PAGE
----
Mixed feelings over project

2019-03-26 06:00

A community leader in Masiphumelele says a lot can be done to fast track the Masiphumelele Phase 4 housing project.

The project comprises 227 Breaking New Ground (BNG) State-subsidised houses for qualifying beneficiaries from the Masiphumelele wetlands informal settlement and Masiphumelele backyarders.

Tshepo Moletsana, community leader, says there are too many technical and administration delays on the project. These, he says, have led to a lot of frustrations for the beneficiaries. Moletsana was speaking to People’s Post following a visit by Mayor Dan Plato and Mayco member for human settlements, Malusi Booi, to the project. The pair visited the area to check progress on the project and to engage the community on Saturday 16 March.

According to City officials the R85m phase 4 housing project was progressing well.

Booi said it is very exciting to see that the project is progressing well and that work is on track. “The contractors have started to lay the foundations and build the top structures. This means qualifying beneficiaries will be one step closer to receiving their new homes. As with all of our projects, we are absolutely dependent on community support and cooperation. There are many challenges in Masiphumelele, but only with the support of the community will we be able to improve the living conditions of our residents. There is much work to be done in Masiphumelele and, where we are able to enhance basic service delivery, we are doing everything possible,” he said.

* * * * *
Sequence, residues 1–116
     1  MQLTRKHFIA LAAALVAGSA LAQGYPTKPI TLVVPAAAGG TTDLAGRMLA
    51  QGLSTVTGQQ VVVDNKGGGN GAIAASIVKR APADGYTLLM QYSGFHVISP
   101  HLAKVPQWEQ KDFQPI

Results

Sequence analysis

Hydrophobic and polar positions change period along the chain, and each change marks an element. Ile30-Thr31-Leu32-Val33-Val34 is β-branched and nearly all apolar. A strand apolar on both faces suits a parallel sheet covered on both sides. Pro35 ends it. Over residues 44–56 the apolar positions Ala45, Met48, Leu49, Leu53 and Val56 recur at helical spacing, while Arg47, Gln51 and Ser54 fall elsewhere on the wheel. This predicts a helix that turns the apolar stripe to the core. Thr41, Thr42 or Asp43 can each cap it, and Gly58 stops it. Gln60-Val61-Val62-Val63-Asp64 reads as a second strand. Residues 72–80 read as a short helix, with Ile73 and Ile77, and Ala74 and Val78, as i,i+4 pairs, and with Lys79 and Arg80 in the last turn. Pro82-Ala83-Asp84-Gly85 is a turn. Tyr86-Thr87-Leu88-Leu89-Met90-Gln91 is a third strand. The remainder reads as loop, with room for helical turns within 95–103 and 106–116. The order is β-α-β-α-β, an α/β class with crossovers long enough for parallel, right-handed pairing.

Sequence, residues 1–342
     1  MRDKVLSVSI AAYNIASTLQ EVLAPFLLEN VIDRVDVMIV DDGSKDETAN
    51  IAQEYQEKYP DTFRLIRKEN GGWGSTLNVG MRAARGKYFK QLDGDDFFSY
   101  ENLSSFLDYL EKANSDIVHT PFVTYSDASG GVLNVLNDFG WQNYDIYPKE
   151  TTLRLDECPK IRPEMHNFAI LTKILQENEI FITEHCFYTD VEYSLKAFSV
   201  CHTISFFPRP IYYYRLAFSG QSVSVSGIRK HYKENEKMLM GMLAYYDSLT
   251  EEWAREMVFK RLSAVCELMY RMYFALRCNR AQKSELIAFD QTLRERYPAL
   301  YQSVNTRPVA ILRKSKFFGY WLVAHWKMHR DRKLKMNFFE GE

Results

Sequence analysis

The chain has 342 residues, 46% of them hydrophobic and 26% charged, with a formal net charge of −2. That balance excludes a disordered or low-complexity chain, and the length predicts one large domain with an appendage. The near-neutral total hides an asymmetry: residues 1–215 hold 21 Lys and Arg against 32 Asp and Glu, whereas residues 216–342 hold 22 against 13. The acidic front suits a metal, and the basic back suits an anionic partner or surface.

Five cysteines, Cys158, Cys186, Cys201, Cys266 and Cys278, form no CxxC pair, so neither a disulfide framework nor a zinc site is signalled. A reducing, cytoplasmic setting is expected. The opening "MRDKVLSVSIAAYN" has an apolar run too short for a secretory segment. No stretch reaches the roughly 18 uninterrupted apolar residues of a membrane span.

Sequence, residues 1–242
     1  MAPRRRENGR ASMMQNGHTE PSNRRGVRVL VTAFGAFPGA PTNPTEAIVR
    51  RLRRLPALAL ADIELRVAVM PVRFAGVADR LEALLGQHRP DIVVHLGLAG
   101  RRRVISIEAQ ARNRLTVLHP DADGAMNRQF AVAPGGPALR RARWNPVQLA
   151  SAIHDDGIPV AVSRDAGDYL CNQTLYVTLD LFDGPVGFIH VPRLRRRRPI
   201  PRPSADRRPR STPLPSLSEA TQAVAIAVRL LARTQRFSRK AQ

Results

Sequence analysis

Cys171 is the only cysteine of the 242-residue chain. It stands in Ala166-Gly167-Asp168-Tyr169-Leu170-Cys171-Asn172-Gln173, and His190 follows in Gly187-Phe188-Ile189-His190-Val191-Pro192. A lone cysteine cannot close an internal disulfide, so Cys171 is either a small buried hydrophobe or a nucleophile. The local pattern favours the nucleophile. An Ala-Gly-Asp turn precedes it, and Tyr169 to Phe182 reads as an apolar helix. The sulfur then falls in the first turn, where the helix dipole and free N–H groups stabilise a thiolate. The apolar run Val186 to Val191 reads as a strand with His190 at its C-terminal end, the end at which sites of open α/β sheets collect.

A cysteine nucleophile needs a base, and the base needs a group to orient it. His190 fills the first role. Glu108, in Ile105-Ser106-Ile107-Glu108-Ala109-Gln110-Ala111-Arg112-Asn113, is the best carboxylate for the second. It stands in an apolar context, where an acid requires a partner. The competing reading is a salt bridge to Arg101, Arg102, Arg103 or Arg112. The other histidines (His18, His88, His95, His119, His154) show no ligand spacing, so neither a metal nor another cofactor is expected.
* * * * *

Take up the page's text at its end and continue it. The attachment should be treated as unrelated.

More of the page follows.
The City of Cape Town’s Human Settlements Directorate is working with the elected People’s Housing Process (PHP) Support Organisation on the project. Although some progress has been made, Moletsana says that is not enough. “People don’t really see this as progress. For them they want to see the structures go up, then they will have hope. It can be a top structure for long and that doesn’t sit well with the beneficiaries. They want to see work,” he says.

The expenditure on this project amounts to R85m and includes money allocated for the bulk earthworks; internal civil engineering services for the provision of water, sanitation and roads; electricity reticulation; and street lighting.

Plato said the City’s Human Settlements Directorate is aware of the housing needs in the city and the impact this (need for houses) has on the lives of people. “Councillor Booi and I, therefore, engaged with the community as part of ongoing engagements, to listen to their concerns first-hand and to reassure them that we are committed to providing housing opportunities and the enhancement of basic services where possible,” he said.

Moletsana added that they appreciate the fact that the City is engaging them, but what is crucial for a project of this magnitude is proper flow of information and clear explanations.


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